Amsterdam (2022)
Amsterdam (2022)

Genre: Dramatic Comedy and Mystery Running Time: 2 hrs. 14 min.

Release Date: October 7th, 2022 MPAA Rating: R

Director: David O. Russell Actors: Christian Bale, Margot Robbie, John David Washington, Anya Taylor-Joy, Andrea Riseborough, Chris Rock, Michael Shannon, Mike Myers, Timothy Olyphant, Zoe Saldana, Rami Malek, Robert De Niro, Alessandro Nivola, Matthias Schoenaerts




hen General Bill Meekins (Ed Begley, Jr.) assigns doctor Bertram “Burt” Berendsen (Christian Bale) to lead Harold Woodsman’s (John David Washington) military unit, the two quickly become friends, making a promise to keep each other safe. Their pact soon extends to a third person, Valerie (Margot Robbie), an eccentric nurse who cares for the veterans after they’re wounded in battle. The trio become inseparable, dancing away the days in a blissful post-WWI Amsterdam, but their carefree lifestyle can’t last forever; despite much pleading from Valerie, Burt must eventually return to America in an attempt to reconnect with his wife Beatrice (Andrea Riseborough).

Not long after, Burt falls on hard times and ends up in prison, causing a further rift in the trio’s relationship as Valerie must contact powerful people from her past to bail him out. She then vanishes, leaving Harold to also return to New York. Years later, Burt runs a modest facial prosthetics clinic in the city, while Harold has become a prominent attorney. When Liz Meekins (Taylor Swift) suddenly contacts Harold, requesting he investigate the death of her father, the lawyer enlists Burt to perform the autopsy of their revered leader. What they uncover is a murder mystery for which they’re the prime suspects – with links to a monumental conspiracy to overthrow the balance of power in the country.

With it’s utterly tremendous ensemble cast, new characters pop up every few seconds, each tasked with appearing more whimsical, wry, and idiosyncratic than the last. Fortunately, Bale winds up being the most erratic of the bunch, as if the leader of a gathering of cartoon characters. Playful, old-fashioned music and extreme camera angles add to the visual and behavioral strangeness, wherein everyone is suspicious and surely contributes to the unguessable nature of the murder mystery. “It’s dangerous!”

Problematically, however, the picture soon jumps around in the timeline (a wholly unnecessary fiddling), while multiple narrators complicate the “Forrest Gump” vibes of war sequences blended with humor. Despite the horrors of armed conflict, as well as dourer notes on racism and domineering political powers, the airy, spirited manner of the majority of personas imparts insincerity; it’s difficult to remain concerned for the heroes when myriad predicaments are so doused in levity. It also doesn’t help that the plot progresses as if devised randomly – like the improvised nonsense song sung by the leads to cheer themselves up.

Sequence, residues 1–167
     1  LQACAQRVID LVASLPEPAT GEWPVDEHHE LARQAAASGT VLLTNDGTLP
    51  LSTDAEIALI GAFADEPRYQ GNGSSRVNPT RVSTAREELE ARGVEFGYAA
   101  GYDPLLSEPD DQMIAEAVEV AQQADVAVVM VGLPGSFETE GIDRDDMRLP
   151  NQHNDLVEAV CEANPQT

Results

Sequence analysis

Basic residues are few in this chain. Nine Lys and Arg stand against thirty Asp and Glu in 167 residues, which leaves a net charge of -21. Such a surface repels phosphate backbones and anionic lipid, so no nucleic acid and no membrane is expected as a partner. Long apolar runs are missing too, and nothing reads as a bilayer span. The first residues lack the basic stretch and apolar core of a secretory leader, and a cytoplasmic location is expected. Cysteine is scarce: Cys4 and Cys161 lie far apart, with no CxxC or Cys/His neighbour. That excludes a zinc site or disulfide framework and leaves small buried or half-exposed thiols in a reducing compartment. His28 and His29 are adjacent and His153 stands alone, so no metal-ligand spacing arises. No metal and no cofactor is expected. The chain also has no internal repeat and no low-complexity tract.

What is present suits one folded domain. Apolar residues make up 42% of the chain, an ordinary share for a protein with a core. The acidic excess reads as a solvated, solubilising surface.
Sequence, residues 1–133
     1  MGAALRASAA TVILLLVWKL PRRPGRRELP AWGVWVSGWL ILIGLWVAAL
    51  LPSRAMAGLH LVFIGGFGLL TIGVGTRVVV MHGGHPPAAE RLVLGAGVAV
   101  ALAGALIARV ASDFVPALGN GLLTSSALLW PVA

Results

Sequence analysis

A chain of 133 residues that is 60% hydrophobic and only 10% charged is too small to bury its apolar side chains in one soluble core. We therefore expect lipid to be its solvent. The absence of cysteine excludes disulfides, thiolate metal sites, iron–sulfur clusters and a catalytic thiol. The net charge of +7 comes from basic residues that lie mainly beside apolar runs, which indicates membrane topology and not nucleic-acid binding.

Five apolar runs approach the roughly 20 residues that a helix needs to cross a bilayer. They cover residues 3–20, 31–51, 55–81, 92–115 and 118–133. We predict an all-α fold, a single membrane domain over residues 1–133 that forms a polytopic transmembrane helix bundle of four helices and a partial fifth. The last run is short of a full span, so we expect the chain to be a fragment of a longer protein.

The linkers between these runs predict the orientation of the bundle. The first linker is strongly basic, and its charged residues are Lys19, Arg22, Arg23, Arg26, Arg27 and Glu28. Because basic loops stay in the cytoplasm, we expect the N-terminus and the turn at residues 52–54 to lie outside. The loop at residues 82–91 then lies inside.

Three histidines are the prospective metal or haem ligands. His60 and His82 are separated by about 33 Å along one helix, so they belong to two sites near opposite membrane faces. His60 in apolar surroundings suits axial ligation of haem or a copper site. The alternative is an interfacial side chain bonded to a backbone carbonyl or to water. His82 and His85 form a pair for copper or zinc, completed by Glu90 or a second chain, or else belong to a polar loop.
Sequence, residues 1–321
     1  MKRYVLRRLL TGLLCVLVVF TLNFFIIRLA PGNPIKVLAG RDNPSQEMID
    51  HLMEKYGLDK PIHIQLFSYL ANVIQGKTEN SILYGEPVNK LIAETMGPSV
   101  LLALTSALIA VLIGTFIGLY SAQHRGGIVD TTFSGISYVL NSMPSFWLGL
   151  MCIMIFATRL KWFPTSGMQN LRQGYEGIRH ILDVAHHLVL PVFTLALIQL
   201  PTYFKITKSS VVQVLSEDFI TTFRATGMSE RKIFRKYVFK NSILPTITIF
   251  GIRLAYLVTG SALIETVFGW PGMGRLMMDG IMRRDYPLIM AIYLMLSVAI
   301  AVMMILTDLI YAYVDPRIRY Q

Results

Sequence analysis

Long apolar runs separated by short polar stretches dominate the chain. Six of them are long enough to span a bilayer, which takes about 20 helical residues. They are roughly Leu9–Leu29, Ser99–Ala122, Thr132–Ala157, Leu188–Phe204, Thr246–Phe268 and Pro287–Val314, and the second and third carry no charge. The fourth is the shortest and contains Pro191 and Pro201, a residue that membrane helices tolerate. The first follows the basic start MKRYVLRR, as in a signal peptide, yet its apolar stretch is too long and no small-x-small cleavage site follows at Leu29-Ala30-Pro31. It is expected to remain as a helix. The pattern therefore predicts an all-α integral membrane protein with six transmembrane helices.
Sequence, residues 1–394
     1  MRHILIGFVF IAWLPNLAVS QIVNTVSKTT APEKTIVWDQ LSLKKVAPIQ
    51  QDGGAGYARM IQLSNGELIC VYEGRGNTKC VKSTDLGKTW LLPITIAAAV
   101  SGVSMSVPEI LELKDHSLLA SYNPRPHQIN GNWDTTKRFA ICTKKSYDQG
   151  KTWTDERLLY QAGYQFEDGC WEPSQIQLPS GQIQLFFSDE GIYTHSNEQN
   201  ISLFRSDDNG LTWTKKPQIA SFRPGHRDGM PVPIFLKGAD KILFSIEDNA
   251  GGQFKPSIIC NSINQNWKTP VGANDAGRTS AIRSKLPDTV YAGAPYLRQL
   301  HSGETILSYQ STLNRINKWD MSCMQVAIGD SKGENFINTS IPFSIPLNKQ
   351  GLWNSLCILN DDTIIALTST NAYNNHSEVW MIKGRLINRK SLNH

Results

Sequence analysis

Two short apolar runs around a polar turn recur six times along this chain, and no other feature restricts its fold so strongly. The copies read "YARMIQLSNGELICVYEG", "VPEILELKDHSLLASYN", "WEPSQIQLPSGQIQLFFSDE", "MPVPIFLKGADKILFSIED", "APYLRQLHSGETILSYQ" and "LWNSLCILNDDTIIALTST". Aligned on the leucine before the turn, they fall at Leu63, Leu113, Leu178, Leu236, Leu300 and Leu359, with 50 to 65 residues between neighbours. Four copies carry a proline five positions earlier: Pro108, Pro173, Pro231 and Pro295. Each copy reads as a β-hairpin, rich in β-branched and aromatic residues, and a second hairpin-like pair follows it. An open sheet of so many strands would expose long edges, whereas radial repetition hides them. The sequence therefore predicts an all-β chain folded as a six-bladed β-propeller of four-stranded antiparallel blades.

In an unnaturally quirky way, the roles engage in slapstick, display physical tics, and harbor plenty of unrealistic eccentricities, as if adopting a Wes Anderson flavor (“See How They Run” recently did much of this to far greater effect), letting the mystery unfold with so many dalliances, deviances, and diversions that it can’t help but to feel meandering. Solving the case doesn’t seem to be a priority as the film dwells on peculiar details. For a project that has so much stuff going on simultaneously, “Amsterdam” manages to feel as if perpetually bordering on uneventful. “I’m still not certain. What do you mean?”

“Lots of things overlap!” This is by far writer/director David O. Russell’s most disorganized piece, zipping all over the place to accomplish virtually nothing by the end (a conclusion with practically no resolutions, despite claiming to be loosely based on real events). There are countless locations, people, motives, updates, and curious reiterations (most humorously the thinly veiled commentary on ornithological occurrences), yet none of them provoke the type of standard engagement expected of a whodunit. It all drags on until no one will care who’s behind it all; even with periodically funny interactions and dialogue, a few of which lead to answers (ones that are insultingly repeated at the close for audiences too distracted to follow the very elements visualized onscreen), the result is a bore. It’s all so convoluted and slow, save for the various love stories that have little to do with the main conspiracy, yet are entirely more moving; Russell is clearly combining two disparate tales together, interweaving historical intrigue and corruption with a casual, dreamlike bohemian affair in the fairy-tale environs of the Netherlands. “Somebody’s trying to do something dark and treacherous!”

– The Massie Twins

  • 4/10